The work on IAB has been going on in the 3GPP since 2017, and it is currently being standardized for release 16, targeting completion during 2020 [5, 6]. IAB can provide flexible and scalable multi-hop backhauling, using the same or different frequency bands for access and backhaul, as shown in section B of Figure 1.

The backhaul is efficiently forwarded across the wirelessly interconnected radio nodes, with the backhaul links terminated by an IAB mobile termination (IAB-MT) function. The IAB-MT could either use a separate antenna or share the access antenna of the base station (virtual IAB-MT). The latter provides the ultimate level of integration, as well as utilizing the high-performance base station antennas for backhaul over longer distances.

The IAB concept is defined by the 3GPP to be flexible and scalable to support other use cases beyond the initial market interest, such as low-power indoor radio nodes. There is also research on future advanced enhancement and optimizations for more visionary IAB use.

Figure 1: Solutions using radio-access technology to provide backhaul

Figure 1: Solutions using radio-access technology to provide backhaul

The 3GPP concept of integrated access and backhaul

IAB is defined to reuse existing 5G NR functions and interfaces, as well as to minimize impact on the core network. The architecture is scalable, so that the number of backhaul hops is only limited by network performance. From a transport perspective, IAB provides generic IP connectivity to enable an easy upgrade to fiber transport when needed.

In the 5G network, the gNB base station provides NR protocol terminations to the user equipment (UE) and is connected to the 5G Core (5GC) network. As defined in 3GPP TS 38.401 [7], the gNB is a logical node, which may be split into one central unit (CU) and one or more distributed units (DU). The CU hosts the higher layer protocols to the UE and terminates the control plane and user plane interfaces to the 5GC. The CU controls the DU nodes over the F1 interface(s), where the DU node hosts the lower layers for the NR Uu
interface to the UE.

As illustrated in Figure 2, the CU/DU split architecture is used for IAB and enables efficient multi-hop support. The architecture eliminates the backhaul core instance at every IAB node shown in Figure 1A and related overhead due to tunnels inside tunnels, which would become severe for large multi-hop chains.

As the time-critical functionality is located in each DU, the F1 interface is well suited for a non-ideal backhaul such as IAB. The IAB donor is a logical node that provides the NR-based wireless backhaul and consists of a CU and wire-connected donor DU(s). The IAB nodes, which may serve multiple radio sectors, are wireless backhauled to the IAB donor and consist of a DU and an IAB-MT.

All IAB-nodes and donor DU(s) that use the same CU are part of one gNB, in accordance with the CU/DU split architecture. Hence, the wireless backhaul is isolated inside the gNB, and any internal topology, routing or backhaul changes can be made without impacting the 5GC or neighboring gNBs. A similar situation is valid for the UEs, for which the IAB node appears as a normal base station, supporting both NR standalone and non-standalone mode.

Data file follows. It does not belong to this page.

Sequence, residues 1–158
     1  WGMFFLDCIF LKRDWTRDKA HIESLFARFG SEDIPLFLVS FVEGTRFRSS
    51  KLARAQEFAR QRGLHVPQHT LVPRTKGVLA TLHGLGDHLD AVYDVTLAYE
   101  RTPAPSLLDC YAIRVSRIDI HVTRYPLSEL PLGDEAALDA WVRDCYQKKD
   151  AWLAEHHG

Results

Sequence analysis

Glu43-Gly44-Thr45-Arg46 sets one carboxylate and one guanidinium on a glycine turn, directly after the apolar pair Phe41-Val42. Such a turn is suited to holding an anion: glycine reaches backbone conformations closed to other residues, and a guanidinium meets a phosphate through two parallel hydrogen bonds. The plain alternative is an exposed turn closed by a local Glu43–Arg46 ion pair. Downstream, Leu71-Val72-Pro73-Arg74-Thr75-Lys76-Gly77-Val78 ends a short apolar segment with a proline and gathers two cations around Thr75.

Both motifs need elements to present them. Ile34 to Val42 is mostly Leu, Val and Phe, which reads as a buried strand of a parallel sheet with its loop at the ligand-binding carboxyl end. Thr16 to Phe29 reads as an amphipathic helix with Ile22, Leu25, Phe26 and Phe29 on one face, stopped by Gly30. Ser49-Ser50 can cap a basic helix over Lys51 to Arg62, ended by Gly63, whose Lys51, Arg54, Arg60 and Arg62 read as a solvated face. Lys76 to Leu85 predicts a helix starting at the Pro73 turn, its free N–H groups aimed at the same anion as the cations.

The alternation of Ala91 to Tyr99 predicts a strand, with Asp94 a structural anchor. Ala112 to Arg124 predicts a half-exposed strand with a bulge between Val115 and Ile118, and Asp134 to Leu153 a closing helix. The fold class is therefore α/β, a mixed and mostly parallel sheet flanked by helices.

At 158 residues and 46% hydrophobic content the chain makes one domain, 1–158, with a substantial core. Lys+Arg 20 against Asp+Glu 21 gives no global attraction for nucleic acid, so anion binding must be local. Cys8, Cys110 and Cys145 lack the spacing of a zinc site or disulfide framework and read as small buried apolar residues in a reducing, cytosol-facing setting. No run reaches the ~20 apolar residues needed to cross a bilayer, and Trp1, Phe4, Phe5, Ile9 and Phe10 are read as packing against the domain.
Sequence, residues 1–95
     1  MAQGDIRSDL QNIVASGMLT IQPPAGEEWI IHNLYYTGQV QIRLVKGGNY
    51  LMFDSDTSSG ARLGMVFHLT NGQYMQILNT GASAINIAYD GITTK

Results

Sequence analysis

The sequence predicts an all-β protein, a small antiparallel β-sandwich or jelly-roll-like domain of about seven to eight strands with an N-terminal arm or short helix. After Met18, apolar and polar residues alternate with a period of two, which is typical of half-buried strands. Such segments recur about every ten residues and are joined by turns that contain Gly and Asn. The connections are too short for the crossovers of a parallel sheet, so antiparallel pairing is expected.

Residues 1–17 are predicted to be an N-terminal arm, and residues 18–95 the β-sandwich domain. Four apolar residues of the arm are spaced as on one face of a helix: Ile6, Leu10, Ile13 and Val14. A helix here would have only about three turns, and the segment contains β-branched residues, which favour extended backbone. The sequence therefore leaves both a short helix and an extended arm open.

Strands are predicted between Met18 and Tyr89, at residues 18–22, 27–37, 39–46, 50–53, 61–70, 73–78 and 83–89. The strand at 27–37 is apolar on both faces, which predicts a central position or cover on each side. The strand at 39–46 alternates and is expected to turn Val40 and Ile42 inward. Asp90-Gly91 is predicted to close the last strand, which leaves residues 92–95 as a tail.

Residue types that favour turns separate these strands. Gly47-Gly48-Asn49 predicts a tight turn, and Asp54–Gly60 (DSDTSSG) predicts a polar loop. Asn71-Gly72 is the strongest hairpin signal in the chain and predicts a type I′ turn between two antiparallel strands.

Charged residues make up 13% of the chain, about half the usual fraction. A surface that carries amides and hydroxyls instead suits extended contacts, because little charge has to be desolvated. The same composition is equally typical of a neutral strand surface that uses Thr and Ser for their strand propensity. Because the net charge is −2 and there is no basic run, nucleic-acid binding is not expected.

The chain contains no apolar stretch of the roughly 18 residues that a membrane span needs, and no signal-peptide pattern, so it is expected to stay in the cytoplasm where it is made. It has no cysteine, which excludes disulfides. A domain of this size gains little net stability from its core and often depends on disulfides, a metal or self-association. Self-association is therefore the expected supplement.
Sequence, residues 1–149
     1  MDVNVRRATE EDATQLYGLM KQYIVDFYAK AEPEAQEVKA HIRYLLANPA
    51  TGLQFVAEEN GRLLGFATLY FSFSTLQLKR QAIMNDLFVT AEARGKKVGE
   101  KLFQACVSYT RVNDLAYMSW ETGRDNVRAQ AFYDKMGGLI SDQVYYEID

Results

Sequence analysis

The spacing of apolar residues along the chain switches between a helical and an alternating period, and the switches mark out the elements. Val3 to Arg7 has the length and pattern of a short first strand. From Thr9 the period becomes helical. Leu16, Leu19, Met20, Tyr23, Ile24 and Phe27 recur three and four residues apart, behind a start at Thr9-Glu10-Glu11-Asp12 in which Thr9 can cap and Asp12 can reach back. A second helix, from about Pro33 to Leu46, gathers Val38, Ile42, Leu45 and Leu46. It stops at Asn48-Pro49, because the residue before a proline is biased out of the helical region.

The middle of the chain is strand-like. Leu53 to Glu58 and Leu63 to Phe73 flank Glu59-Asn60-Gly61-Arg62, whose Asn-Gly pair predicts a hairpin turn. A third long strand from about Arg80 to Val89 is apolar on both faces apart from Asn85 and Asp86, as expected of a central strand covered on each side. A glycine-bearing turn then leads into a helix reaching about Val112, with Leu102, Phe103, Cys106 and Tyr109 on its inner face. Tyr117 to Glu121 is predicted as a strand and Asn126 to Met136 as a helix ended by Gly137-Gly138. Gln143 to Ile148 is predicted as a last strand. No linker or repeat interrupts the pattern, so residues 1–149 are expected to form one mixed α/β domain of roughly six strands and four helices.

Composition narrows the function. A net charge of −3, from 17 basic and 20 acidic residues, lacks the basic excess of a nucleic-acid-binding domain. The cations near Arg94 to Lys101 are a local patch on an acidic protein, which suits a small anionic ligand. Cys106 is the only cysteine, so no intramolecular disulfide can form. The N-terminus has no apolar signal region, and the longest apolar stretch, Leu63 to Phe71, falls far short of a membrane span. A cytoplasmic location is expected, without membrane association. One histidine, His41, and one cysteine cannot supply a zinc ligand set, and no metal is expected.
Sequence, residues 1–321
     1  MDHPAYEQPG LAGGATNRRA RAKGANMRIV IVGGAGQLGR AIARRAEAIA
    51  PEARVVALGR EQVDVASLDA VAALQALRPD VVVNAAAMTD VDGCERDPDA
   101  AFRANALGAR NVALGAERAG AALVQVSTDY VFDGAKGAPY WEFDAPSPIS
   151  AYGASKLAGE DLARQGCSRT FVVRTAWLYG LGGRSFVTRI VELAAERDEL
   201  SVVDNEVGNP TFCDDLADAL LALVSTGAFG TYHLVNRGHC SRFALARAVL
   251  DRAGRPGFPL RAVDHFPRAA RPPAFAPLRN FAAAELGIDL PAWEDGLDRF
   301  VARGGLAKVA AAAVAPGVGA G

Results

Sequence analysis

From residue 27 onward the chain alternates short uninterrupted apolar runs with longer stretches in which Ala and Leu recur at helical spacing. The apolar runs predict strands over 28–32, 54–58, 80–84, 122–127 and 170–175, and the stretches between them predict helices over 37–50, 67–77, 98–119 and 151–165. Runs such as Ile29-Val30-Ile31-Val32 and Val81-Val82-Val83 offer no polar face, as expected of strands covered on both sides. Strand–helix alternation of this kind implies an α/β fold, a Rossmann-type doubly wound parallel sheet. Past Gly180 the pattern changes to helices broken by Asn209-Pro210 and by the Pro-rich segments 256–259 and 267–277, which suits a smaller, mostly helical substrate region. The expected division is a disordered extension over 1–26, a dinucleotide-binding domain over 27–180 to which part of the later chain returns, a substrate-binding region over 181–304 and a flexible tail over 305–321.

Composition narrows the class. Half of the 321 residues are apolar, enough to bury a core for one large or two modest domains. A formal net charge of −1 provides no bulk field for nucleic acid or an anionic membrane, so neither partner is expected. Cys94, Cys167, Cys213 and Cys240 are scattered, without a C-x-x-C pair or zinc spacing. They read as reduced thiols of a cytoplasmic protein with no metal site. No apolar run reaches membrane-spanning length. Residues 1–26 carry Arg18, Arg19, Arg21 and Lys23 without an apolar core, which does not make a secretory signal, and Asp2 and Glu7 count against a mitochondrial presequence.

As shown in Figure 2, the NR backhaul link is between a “parent” on the network side and a “child” at the other end. The DU at the parent schedules the backhaul downstream and upstream traffic to/from the IAB-MT at the child, supporting a limited subset of the NR UE functionality. This includes lower protocol layer functionality to the parent as well as Radio Resource Control and non-access stratum functionality to the IAB donor CU and 5GC.

The backhaul adaptation protocol (BAP) [11] enables efficient IP data forwarding across the IAB interconnected radio nodes, where the BAP data is carried by backhaul Radio Link Control (RLC) channels on each NR backhaul link. Multiple channels can be configured to enable traffic prioritization and QoS enforcement and, based on these properties, the BAP entity in each node maps protocol data units to the appropriate backhaul RLC channel.

Hop-by-hop forwarding, from the IAB donor to the destination IAB node, is based on the BAP routing identity set by the IAB donor. Any IP traffic can be forwarded over the BAP, such as F1 and operation and maintenance (O&M) of the IAB nodes, as well as connectivity of any other equipment at the IAB-node site, as shown in Figure 2.

Figure 2: The 3GPP IAB concept

Figure 2: The 3GPP IAB concept

Physical layer aspects

The IAB feature is intended to support out-of-band and in-band backhauling, where the latter means usage of the same carrier frequencies for both the NR backhaul links and the access links. In-band operation comes with a half-duplex constraint, implying that the IAB-MT part of an IAB node cannot receive while its collocated DU is transmitting and vice versa to avoid intra-site interference. A strict time-domain separation is therefore required between transmission and reception phases within each IAB node.